[Hpn] an idea for a change?

forrest curo forest@cts.com
Sat, 16 Jun 2001 16:06:09

	Tuesday June 19 in the late afternoon Norma Rossi called me. She said she
had a story.
	The month before, she’d talked about the familes who’d come to her San
Diego Coalition For The Homeless office in April. She’d been able to find
beds somewhere for 4 or 5 out of the 109 children she’d seen. One of the
mothers had told her about being raped by three guys in what she’d thought
was a safe, well-lit part of Balboa Park. Had the mother reported it to the
police? No, she said, she thought the police would take her kids.
	Was this news? We wished it were. We couldn’t just keep harping on the
same old stuff every month, always wishing that this time the moral
blinders would be lifted from our rulers and our fellow citizens, leading
them to take action immediately, as if this sort of thing mattered more
than ballparks and a good night’s sleep and getting to work on time.
	What was the news this month? Rossi had just kicked a group of homeless
people out of the lot at 13th and Broadway. She thought some of them might
have complained to us.
	Rossi had been invited up to Sacramento with us last month, for the
California Homeless Civil Rights Organizing Project; we were planning to
drive her to LA in the middle of the night and all catch the bus. But she
was sick, and feeling her age. She’d been marching for and with homeless
people back in the 80’s, well before Larry Milligan roped us into
pro-homeless activism, about 1991.
	Milligan had this idea back then, that only homeless people could be
trusted to lead a homeless advocacy movement. He’d been homeless a few
weeks, talked to a lot of homeless people, learned that most of the people
he talked to didn’t trust anybody who claimed to be doing things for them.
(They were still homeless, weren’t they?) So a founding principle of
HABITA, his organization, was that the top leadership had to be homeless.
(In practice this turned out to mean that the leadership had to be
sleep-deprived, politically inept, and suffering mood swings between
paranoia, naivete, and opportunism.)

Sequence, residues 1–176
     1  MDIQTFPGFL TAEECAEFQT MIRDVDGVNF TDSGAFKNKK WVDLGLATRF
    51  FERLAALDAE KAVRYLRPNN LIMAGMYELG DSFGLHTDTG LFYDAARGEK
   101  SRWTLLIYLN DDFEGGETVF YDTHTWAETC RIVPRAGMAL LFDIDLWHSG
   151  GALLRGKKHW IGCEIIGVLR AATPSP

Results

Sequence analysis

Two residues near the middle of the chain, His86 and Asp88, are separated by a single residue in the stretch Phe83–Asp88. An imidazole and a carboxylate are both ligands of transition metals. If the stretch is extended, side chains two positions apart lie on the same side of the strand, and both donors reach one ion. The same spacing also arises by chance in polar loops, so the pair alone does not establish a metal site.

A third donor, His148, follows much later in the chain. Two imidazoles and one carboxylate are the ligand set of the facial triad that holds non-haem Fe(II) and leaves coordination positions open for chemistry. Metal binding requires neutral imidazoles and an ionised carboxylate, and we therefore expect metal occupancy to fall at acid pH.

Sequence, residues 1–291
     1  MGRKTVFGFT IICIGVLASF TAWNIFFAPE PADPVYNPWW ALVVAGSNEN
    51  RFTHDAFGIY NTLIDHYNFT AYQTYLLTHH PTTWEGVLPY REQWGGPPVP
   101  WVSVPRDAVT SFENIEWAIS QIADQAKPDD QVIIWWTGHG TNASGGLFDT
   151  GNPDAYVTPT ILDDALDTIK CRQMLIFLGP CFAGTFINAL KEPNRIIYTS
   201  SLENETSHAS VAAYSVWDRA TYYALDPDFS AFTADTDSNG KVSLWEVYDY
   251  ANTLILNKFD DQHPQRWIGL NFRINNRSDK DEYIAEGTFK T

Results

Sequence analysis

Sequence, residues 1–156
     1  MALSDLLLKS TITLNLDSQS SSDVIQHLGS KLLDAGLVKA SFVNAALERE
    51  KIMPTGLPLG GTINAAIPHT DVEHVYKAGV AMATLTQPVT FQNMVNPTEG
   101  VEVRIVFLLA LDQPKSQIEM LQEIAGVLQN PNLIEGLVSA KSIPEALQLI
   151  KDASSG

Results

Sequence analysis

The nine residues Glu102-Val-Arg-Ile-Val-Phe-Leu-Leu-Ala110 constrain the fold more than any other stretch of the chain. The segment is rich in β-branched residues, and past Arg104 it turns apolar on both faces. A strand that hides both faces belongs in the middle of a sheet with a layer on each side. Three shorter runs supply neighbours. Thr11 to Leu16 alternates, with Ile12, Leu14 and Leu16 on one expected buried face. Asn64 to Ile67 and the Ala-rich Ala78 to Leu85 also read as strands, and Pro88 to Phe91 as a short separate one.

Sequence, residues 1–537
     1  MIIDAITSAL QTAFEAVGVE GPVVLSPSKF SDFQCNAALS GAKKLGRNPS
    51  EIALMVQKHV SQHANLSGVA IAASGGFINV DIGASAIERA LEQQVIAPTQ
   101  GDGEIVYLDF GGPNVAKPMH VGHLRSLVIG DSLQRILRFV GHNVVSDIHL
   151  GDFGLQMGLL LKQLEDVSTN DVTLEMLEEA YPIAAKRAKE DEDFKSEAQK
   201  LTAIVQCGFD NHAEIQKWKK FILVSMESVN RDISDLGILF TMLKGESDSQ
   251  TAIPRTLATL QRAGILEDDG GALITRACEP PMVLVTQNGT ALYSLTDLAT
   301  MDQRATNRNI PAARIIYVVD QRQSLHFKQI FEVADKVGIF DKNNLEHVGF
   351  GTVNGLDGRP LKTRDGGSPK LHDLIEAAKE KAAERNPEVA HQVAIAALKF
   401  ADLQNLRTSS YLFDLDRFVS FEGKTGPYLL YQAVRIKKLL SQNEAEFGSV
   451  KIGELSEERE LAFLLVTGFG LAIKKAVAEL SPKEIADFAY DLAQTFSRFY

HABITA dead-ended in early 1992, when opponents of Milligan’s proposals
packed the City Council Chambers with a hysterical NIMBY mob and his
political allies fled before their implacable hostility. Milligan then
organized an ad hoc tent city on an out-of-way parking lot in Balboa Park,
hoping that if he couldn’t have City support he could at least have their
neutrality long enough to try a potential solution. Supposedly pro-homeless
Mayor O’Connor sent in police to scatter the residents the very first
morning; Milligan stayed and was arrested. His political efforts
frustrated, he devoted himself to assisting Johanna Argoud with a food line
in the Park.
	A couple months afterwards, homeless campers acting on their own refused
to leave the parking lot; the City responded with a temporary winter
shelter in the Balboa Park Gym.
	But Susan Golding, the next Mayor, soon pushed through a new anti-homeless
ordinance, making food lines illegal on City property anywhere outside of
one small lot at 13th and Broadway. Norma Rossi of the Coalition for the
Homeless was given a key to the property.
	Argoud and Milligan continued to serve food elsewhere. According to
Milligan, many people they served were reluctant to go near the dingy,
drug-infested 13th and Broadway area. Other, church-related groups serving
in the Park were approached by police and persuaded either to move to 13th
and Broadway, or to quit altogether.
	Several times we, and Milligan, were threatened with arrest for feeding
homeless people on other public property. We were offered the keys to 13th
and Broadway; we refused because (for one thing) we would have had to lock